What Is Marketing, Really?

Felicia Brown

After my last post “Whose Responsibility Is Marketing?”, there were a number of great comments about the specific kinds of marketing people were doing for their businesses and who they thought should be responsible for those tasks. After reading the remarks, I thought sharing a better explanation of what I believe constitutes marketing would help to support the points I made in that post. Hence, the topic and title of this entry.

If you asked a group of random people, “What is marketing?”, you would probably get a variety of answers. Some would say that marketing is advertising such as print ads, direct mail, and television commercials. Others would say that marketing is networking events or offering special web promotions or email newsletters. And still, others would say that marketing is just what you do to get sales.

And while none of these definitions is wrong per se, from my many years in business as a massage therapist, spa owner, and business/marketing coach and consultant, I’ve come to see things differently. In my mind, these definitions – alone or combined – along with other traditional descriptions of marketing, are too narrow. In fact, over the years, the way I think about, describe, and teach marketing has evolved and expanded tremendously.

Marketing is much more than the things you do to promote yourself or your business to your clients and prospects. It is made up of EVERYTHING that “touches” your clients or prospects and causes them to want to do business with you for the first time, the next time, or the LAST time. And, in some cases, your marketing will cause people to not want to do business with you at all. This is what I call anti-marketing or being “closed for business.” (I’ll talk more about that in a future post.)

Initial and ongoing marketing touches or impressions that reach clients can make your business and balance sheet wildly successful if delivered well. But when they aren’t, the time, money, and energy spent on traditional marketing and advertising efforts can be completely wasted.

Here are some quick examples of basic marketing touches that can really sway a prospect into trying your business or returning to it:

–An easy to find, open, and navigate website

–A receptionist who seems unrushed or distracted while taking calls

–Clean, well-stocked bathrooms or locker rooms

–An invitation to reschedule

These may not seem like marketing vehicles at first glance, but anything that makes a client happy or comfortable enough to spend money with a business is definitely a part of marketing. And believe me when I say there are plenty of prospective clients who will decide not to patronize you if one of the “touches” that matters most to them is out of whack.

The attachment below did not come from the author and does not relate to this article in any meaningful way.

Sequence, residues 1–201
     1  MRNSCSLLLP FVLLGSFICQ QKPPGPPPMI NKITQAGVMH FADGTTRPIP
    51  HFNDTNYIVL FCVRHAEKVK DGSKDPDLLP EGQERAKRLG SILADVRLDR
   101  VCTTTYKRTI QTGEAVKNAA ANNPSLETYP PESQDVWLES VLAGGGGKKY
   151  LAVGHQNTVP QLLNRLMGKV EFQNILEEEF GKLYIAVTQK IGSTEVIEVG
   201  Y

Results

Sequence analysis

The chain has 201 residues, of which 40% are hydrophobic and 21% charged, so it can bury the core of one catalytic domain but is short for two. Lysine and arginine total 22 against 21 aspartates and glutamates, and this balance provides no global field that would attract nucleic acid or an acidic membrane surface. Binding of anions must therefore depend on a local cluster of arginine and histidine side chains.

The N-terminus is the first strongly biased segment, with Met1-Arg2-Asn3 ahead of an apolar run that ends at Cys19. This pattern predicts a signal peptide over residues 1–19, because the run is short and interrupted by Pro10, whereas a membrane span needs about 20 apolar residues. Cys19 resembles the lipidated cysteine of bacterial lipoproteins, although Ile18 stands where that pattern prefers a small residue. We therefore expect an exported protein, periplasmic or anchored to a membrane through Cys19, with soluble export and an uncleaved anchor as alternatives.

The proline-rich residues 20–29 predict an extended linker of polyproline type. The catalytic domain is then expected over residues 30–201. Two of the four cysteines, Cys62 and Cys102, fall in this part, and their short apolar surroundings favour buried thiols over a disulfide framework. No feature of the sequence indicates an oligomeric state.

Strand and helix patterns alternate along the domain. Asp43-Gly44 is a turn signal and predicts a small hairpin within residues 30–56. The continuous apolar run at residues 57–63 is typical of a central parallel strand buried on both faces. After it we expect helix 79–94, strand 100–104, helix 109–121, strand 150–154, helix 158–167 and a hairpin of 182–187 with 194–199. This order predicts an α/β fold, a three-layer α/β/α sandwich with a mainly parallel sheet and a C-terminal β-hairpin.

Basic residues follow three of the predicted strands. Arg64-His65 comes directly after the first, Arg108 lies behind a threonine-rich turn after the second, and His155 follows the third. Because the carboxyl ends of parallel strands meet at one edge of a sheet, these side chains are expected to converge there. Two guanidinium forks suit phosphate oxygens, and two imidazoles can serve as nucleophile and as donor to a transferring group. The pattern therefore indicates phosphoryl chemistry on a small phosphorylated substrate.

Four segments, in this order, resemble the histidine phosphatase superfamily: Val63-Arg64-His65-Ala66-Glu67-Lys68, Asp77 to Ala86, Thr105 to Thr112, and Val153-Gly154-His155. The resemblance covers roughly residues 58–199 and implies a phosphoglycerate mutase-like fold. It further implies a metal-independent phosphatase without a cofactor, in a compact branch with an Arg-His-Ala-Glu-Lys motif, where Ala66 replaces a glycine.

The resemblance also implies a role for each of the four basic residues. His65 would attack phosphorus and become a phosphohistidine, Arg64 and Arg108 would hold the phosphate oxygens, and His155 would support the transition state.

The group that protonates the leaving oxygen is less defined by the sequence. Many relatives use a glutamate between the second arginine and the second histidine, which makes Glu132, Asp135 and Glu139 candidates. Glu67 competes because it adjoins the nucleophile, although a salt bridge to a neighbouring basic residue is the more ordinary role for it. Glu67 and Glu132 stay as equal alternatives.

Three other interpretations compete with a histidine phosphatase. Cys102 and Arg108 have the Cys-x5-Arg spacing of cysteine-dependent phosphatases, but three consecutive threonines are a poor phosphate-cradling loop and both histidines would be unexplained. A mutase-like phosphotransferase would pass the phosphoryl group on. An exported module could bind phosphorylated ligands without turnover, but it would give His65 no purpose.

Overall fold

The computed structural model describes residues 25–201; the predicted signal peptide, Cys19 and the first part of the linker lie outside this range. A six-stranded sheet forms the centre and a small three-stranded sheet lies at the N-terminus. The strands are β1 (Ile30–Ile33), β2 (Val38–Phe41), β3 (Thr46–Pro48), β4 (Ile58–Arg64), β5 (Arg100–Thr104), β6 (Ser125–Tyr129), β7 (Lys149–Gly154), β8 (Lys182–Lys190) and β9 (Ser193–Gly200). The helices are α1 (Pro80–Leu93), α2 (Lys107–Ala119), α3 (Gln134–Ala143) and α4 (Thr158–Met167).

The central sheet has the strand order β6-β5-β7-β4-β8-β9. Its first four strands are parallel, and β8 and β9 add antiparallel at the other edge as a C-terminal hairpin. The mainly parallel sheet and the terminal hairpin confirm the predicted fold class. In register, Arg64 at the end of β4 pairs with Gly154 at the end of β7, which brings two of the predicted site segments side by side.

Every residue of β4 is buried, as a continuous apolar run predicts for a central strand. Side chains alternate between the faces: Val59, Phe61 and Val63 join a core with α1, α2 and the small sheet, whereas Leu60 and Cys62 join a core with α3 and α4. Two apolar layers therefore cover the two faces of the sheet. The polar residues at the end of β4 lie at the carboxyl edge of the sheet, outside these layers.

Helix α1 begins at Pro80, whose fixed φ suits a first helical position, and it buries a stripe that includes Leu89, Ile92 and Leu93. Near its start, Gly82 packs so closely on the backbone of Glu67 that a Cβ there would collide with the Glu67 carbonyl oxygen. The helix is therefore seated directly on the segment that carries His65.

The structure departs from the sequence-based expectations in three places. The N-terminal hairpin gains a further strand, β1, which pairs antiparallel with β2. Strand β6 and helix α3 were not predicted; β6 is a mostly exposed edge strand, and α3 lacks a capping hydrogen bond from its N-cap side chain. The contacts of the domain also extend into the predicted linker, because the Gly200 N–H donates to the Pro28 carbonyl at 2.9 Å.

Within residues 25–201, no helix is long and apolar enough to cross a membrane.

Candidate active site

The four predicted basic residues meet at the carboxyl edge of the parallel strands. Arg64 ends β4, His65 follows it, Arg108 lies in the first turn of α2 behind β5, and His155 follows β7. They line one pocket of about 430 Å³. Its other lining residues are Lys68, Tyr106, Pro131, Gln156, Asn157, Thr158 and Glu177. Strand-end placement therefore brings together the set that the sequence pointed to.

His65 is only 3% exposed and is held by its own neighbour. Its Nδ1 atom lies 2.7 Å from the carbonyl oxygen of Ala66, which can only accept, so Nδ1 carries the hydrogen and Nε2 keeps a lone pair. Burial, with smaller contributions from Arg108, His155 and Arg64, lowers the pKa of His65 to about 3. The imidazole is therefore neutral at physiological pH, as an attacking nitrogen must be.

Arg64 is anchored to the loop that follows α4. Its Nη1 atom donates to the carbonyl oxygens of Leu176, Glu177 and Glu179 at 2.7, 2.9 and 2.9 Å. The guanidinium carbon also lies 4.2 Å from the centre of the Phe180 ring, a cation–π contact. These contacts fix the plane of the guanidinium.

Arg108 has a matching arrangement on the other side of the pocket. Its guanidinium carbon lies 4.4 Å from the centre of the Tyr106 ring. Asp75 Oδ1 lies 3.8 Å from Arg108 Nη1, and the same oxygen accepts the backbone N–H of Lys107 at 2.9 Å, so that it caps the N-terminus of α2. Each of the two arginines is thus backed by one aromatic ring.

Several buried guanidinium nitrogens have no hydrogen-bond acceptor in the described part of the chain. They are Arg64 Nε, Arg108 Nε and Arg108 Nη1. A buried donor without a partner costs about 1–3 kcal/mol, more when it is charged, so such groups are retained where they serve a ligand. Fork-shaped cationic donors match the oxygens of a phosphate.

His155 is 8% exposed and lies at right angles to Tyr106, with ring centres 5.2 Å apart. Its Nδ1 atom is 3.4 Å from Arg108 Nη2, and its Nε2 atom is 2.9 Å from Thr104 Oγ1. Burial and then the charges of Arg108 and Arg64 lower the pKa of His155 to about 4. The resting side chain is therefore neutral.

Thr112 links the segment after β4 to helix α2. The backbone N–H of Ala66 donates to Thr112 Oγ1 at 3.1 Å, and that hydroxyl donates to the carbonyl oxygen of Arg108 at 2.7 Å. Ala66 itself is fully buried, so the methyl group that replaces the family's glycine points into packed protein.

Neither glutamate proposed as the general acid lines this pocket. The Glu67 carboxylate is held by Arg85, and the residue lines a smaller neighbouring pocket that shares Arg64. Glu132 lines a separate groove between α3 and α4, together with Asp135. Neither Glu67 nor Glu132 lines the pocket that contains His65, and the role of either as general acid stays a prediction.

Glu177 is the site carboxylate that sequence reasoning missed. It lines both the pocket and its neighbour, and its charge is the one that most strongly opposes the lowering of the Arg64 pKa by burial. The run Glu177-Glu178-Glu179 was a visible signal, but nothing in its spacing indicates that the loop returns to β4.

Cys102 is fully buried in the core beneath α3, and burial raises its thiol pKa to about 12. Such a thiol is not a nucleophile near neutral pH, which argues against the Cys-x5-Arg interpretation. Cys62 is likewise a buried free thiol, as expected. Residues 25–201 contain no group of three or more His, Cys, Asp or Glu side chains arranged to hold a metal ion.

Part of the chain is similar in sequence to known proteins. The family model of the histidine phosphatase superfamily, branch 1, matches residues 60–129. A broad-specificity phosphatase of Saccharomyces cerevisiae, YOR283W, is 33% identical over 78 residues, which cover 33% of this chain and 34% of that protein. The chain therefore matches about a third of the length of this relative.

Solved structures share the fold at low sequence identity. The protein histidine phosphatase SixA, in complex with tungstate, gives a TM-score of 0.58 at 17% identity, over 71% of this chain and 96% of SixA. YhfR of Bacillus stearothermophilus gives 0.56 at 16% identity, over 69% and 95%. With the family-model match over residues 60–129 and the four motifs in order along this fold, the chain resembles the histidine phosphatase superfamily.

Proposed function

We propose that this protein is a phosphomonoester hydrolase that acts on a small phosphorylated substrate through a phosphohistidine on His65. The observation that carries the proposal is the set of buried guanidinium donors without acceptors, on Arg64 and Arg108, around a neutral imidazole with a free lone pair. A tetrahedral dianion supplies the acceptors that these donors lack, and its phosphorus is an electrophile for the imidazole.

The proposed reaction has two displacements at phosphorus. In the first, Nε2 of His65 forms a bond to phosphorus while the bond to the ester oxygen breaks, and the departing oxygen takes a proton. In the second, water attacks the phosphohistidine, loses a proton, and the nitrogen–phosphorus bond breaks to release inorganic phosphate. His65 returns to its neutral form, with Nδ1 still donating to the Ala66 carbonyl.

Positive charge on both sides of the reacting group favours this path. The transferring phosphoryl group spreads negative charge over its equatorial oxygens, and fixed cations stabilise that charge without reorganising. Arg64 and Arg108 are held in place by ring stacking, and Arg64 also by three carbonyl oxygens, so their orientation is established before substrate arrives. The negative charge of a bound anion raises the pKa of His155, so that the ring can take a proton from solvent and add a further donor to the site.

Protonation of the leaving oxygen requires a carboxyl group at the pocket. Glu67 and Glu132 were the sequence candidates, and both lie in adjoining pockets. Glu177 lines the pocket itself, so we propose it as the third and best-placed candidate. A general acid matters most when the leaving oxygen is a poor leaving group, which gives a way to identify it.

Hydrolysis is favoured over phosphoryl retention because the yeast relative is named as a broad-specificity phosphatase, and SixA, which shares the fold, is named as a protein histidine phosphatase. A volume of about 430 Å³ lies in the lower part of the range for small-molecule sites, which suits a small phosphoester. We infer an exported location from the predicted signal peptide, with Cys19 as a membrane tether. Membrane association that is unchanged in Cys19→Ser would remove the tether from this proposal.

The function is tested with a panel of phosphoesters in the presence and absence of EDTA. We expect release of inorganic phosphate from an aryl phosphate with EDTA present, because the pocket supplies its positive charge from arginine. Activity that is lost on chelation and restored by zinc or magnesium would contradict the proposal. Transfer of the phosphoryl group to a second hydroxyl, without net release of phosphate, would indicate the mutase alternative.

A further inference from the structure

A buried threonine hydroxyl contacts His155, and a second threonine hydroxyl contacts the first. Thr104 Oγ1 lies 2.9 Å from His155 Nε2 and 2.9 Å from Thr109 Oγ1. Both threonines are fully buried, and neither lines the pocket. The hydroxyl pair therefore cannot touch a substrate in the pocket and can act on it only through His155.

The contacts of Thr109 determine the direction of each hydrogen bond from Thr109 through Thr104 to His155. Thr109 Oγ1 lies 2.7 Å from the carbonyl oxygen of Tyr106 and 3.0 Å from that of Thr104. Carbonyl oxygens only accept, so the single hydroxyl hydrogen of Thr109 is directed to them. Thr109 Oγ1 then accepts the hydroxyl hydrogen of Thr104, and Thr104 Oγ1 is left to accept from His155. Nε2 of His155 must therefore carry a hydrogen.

To summarize, if marketing is about getting and keeping more clients, appointments, or sales, then anything and everything that increases the number of clients, appointments, or sales in your business should be considered part of your marketing. Simply put, I call it Every Touch Marketing.

Now, here’s a question for you. Are you and your team making every touch positive?

2 Responses to “What Is Marketing, Really?”

  1. Carina Pantoja Says:

    Visit Carina Pantoja

    I totally agree with this article. I once had a client thank me for having seat protectors in our womens bathroom. She said it let her know we care about our clients. Who would of thought?

  2. Felicia Brown Says:

    Visit Felicia Brown

    Wow, Carina! That is a “touch” I would not have thought about per se. Thanks for sharing it!

    A story I often share with my coaching clients about how “every touch” is marketing:

    One of my regulars said to me one day: “Felicia I could not wait to see you today for three reasons. I love: 1) the positive thought cards you put on the table 2) the cold bottle of water waiting for me and 3) the Wint-o-green lifesavers in your office.” Funny, she did not mention the relaxing massage that she was scheduled for.

    Just goes to show that people often buy something other than what we think we are selling:-) FB

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